Semiotics in indigenous dance performances: Ekeleke dance of Ekwe people of Nigeria as paradigm

  • Nicholas Chielotam Akas
  • Martha Chidimma Egenti


The potency of the use of semiotics in dance is no longer a strange knowledge. Scholarly interpretations on the use of semiotics, in our indigenous dances, present semiotic movement in dance as a reflective pointer in upholding the communal essence of any given society both in myth, customs and legendary experiences. The problematic questions in this paper are as follows: of what essence is the use of semiotics in Ekeleke dance? Where did the use of semiotic movement in the dance (Ekeleke) emerge from? And, what is the interpretative and communicative essence of the use of semiotic movement in dance? In order to answer these hydra-headed questions, this paper focuses on the positive use of semiotics in Ekeleke dance and its communicative ability on the choreographer, the dancers and the audience. To achieve the interpretative essence needed in this paper, the ethnographic framework was used as content analysis on the dance Ekeleke. Our findings reveal the originality, sacredness and cultural sustainability portrayed in the dance through the use of communicative semiotic movements. In conclusion, the communicative essence of semiotics in Ekeleke dance performance presents Ekwe people; situated in Isu local government Area of Imo State, as a people of traceable source of origin and not as mere cultural entertainers.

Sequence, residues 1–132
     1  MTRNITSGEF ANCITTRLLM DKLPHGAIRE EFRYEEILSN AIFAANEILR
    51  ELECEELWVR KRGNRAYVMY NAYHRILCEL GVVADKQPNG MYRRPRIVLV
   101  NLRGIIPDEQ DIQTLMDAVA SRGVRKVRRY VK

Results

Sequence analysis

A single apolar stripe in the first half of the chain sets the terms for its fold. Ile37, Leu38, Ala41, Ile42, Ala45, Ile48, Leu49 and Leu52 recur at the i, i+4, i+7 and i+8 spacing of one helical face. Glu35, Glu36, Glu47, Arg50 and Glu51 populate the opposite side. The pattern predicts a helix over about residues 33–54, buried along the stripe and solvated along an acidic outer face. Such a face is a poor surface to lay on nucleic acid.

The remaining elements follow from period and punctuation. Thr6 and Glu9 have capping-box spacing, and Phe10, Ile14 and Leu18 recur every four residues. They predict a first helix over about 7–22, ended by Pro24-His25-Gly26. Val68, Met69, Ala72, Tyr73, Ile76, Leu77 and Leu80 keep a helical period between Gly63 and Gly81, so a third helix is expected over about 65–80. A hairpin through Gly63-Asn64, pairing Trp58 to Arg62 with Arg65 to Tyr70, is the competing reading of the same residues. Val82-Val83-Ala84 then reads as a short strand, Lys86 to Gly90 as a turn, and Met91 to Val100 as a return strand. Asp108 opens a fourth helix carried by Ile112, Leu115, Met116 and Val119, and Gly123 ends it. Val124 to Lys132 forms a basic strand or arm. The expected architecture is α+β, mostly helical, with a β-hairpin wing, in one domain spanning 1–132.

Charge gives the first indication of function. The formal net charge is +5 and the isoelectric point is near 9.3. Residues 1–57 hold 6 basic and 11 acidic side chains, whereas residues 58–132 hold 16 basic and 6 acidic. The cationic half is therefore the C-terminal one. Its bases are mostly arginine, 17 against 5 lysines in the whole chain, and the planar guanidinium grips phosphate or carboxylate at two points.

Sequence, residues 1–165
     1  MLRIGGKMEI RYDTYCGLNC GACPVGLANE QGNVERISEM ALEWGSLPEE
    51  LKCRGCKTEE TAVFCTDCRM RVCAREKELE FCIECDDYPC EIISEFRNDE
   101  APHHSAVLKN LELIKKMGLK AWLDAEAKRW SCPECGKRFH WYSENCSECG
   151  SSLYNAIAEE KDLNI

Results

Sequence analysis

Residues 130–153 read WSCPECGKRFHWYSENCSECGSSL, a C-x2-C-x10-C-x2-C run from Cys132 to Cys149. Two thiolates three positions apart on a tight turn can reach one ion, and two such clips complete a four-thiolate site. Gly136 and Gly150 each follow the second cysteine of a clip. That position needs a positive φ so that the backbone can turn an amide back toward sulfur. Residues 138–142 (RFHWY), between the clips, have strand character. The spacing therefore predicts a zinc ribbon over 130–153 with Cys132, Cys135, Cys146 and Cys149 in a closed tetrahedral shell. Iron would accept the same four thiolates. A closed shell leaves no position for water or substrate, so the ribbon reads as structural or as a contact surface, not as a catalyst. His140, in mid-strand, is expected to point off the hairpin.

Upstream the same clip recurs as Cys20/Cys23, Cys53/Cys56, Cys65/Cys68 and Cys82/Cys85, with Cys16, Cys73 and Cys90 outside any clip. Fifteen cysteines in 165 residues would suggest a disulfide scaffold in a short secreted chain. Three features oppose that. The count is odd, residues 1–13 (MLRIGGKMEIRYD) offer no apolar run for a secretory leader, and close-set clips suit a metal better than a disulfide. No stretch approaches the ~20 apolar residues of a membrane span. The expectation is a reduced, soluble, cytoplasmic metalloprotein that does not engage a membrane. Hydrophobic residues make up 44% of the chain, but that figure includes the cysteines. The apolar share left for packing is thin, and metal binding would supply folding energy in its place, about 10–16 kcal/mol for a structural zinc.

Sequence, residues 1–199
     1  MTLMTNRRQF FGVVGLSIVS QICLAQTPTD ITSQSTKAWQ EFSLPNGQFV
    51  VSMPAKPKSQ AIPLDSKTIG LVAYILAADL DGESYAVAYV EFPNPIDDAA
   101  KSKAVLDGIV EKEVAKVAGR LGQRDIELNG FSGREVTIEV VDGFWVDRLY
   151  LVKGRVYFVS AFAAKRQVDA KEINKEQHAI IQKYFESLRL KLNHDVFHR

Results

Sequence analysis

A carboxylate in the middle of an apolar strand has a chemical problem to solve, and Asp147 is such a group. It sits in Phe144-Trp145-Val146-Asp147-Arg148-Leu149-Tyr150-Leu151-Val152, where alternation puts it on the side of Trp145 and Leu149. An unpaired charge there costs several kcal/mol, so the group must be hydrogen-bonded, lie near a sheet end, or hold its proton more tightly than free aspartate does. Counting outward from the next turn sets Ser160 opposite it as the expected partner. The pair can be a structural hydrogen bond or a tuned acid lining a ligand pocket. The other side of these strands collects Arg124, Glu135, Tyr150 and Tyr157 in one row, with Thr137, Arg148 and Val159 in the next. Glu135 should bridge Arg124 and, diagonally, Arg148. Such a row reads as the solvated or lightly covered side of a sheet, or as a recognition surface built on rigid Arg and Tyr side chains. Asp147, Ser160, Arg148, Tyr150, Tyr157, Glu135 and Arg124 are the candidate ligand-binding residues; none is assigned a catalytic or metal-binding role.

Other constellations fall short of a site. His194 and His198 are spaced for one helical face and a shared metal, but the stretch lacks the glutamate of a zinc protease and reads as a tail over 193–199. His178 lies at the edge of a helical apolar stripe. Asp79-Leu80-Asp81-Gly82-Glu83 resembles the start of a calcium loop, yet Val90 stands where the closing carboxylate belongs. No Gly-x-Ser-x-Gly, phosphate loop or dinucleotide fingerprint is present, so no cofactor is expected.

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eISSN: 1597-474X